Emily Karaka and Shona Rapira Davies are senior Māori artists who rose to prominence in the mid-1980s. A new show, Two Artists, showcases the differences between their individual practices, styles, and approaches. It also locates them together as contemporaries and as artists of determination, power, and vision.
Emily Karaka (Ngāti Hine, Ngāti Wai, Ngāi Tai, and Waihou) defines herself as an abstract expressionist painter. Her work is recognisable for its expressive intensity, her use of high key colour, and her gritty address of political issues related to Māori land rights and the Treaty of Waitangi.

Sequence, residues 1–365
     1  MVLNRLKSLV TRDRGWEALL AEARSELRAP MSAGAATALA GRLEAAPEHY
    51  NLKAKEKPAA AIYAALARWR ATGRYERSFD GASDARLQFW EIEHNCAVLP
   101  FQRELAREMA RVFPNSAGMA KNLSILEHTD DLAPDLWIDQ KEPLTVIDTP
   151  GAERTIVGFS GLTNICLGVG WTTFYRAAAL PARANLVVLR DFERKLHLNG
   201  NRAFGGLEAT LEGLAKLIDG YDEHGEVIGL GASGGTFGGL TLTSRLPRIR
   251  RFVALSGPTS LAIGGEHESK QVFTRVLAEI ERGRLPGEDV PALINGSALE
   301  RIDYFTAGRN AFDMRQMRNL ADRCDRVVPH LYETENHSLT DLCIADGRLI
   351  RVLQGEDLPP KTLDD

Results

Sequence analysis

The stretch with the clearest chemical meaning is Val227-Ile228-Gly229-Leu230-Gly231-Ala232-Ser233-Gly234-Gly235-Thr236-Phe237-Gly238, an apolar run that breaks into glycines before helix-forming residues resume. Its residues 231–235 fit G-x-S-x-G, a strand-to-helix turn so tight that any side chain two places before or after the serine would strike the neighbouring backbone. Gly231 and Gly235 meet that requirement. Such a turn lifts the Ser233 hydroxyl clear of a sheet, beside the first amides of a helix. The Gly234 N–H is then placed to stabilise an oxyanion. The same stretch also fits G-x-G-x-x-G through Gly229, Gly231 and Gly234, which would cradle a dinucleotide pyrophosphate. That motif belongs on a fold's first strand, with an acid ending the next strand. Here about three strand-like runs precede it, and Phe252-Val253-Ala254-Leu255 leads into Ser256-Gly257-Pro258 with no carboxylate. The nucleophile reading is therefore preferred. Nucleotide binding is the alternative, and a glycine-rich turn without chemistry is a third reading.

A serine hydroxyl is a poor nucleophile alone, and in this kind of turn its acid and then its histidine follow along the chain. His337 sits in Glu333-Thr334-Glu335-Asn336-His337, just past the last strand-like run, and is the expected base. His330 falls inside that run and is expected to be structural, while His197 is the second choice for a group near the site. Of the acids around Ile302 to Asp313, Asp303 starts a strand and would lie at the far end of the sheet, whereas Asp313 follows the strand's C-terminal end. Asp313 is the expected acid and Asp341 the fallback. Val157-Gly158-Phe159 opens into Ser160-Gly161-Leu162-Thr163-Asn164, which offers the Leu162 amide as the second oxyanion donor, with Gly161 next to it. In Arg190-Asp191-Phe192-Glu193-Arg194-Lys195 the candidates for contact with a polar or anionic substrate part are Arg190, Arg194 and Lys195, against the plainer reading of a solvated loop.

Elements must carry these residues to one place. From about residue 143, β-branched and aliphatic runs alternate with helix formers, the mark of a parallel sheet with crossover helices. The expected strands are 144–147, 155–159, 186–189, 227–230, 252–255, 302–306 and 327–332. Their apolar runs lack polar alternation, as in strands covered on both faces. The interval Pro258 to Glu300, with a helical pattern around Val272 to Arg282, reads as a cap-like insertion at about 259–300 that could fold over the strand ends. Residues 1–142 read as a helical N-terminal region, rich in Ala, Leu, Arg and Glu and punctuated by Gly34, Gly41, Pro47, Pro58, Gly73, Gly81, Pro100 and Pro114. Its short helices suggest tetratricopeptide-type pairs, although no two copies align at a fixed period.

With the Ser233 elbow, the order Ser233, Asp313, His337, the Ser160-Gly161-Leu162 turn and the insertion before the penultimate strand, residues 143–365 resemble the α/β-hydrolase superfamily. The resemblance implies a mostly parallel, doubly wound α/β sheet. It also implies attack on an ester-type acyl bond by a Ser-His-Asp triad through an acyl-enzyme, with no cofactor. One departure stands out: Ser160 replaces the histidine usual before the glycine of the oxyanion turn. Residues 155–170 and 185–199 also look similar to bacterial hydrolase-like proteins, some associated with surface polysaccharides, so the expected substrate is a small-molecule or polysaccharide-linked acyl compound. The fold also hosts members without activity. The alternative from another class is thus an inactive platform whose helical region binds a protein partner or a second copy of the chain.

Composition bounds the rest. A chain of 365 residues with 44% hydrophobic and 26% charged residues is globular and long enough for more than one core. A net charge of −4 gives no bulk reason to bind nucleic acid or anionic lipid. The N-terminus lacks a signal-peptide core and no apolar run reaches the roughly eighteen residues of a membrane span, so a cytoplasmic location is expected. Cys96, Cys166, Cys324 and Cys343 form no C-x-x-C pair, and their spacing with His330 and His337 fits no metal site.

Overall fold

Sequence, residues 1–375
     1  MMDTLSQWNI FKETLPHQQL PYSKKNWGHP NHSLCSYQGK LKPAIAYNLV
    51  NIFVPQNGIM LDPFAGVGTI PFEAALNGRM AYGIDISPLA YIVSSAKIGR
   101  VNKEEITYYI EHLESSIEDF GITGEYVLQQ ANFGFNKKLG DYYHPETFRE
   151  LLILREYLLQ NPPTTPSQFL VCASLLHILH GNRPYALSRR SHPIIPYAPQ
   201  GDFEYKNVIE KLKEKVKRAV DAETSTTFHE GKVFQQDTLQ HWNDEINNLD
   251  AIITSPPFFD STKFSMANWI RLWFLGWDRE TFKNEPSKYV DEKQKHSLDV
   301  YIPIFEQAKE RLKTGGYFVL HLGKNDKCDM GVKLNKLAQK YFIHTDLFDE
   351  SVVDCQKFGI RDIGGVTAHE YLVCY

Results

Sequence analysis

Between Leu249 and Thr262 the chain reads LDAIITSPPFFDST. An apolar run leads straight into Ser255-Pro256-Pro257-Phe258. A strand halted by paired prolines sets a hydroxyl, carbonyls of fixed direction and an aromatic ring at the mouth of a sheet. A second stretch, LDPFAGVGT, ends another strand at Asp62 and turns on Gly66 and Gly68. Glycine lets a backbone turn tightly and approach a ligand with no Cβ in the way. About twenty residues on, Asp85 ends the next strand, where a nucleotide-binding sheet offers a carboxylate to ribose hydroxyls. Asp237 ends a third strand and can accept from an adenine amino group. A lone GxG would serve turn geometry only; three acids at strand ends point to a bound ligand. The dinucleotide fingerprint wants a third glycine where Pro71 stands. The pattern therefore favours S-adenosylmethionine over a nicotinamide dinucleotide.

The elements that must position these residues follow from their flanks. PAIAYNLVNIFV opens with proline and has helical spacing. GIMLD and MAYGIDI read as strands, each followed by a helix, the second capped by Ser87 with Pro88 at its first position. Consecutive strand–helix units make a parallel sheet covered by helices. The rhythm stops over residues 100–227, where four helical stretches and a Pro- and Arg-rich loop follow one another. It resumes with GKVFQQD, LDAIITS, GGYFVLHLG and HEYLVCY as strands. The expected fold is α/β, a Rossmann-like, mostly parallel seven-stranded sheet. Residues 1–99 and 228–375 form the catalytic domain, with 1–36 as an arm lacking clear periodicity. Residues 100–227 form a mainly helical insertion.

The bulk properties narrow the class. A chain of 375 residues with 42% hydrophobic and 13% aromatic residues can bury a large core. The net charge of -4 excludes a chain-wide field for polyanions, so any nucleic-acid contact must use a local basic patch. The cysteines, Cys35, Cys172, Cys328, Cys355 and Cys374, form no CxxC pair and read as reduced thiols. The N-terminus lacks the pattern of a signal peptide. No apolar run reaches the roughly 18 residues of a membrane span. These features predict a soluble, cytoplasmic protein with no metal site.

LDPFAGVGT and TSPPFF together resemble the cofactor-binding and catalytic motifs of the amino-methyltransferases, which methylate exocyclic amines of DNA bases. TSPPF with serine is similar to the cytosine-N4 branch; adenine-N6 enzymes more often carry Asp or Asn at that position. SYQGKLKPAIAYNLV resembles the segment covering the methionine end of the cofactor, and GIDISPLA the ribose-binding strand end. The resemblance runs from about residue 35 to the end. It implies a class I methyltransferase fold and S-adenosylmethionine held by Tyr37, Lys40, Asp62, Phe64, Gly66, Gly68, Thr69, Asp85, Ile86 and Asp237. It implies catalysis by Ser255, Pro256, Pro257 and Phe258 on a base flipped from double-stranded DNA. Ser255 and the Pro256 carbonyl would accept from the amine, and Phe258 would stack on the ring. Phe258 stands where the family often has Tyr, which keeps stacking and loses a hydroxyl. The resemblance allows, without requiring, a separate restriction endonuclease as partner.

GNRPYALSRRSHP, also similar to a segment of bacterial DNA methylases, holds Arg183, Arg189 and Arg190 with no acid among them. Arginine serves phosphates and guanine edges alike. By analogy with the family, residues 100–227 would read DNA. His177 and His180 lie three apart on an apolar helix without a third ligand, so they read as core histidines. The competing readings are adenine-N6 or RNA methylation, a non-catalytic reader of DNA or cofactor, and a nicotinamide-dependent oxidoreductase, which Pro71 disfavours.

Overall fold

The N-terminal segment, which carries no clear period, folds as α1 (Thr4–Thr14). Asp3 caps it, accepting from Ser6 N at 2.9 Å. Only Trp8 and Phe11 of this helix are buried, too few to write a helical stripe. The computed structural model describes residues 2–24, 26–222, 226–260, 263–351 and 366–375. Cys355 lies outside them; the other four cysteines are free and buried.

Shona Rapira Davies (Ngāti Wai) is a sculptor who also has a drawing and painting practice. Her work is introspective and often uses text to express vulnerability, pain, and a view into her private world. Though deeply personal, it is also political and speaks to the social impact of colonisation, particularly upon Māori women. It ‘reflects the time it is made in’, says Rapira Davies, but can also be defined by ‘the person viewing it’.
Read the rest of the interview published in Te Papa's Off the Wall arts magazine.
Their work is currently on show on Level 5 at Te Papa until October 2015. More details are available here.
Updated on 23rd July 2015